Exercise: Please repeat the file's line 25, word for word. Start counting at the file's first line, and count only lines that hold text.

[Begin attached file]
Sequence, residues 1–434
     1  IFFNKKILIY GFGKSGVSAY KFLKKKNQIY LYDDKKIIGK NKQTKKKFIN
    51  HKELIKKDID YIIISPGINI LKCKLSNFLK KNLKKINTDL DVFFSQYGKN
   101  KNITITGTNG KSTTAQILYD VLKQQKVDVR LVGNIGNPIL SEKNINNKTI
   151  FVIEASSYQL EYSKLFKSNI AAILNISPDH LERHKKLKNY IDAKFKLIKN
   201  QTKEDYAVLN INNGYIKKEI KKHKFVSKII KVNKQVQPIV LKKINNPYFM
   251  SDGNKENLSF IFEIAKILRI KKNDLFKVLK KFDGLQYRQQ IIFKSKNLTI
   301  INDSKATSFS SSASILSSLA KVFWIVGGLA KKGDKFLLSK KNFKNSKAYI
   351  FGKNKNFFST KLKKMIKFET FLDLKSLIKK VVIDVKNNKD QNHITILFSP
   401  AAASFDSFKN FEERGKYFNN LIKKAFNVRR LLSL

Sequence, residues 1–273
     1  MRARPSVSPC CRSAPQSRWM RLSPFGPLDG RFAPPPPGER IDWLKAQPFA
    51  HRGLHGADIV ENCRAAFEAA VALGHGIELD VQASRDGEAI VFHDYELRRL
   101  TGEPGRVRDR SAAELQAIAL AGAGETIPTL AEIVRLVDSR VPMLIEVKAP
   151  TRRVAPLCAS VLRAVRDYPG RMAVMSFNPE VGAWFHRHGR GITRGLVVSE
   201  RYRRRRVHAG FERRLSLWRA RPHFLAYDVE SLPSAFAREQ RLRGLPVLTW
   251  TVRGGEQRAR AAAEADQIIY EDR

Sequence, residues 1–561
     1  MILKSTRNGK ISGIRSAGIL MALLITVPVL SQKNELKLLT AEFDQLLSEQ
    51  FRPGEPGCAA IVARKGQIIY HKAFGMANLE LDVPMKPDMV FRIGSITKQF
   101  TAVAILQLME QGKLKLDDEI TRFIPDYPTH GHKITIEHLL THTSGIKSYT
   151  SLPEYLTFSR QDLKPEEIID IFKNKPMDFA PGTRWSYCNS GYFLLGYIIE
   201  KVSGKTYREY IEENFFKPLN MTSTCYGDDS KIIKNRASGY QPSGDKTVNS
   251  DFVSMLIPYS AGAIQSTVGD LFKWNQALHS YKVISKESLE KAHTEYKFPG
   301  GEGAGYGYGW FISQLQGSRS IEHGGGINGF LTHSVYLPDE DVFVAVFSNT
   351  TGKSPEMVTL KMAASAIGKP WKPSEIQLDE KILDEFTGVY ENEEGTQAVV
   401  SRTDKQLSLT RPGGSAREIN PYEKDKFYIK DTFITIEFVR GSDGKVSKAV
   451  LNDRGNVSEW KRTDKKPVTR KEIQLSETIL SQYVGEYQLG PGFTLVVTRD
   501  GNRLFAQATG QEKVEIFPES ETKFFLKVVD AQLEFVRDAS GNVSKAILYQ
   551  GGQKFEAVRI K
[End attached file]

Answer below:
   301  GEGAGYGYGW FISQLQGSRS IEHGGGINGF LTHSVYLPDE DVFVAVFSNT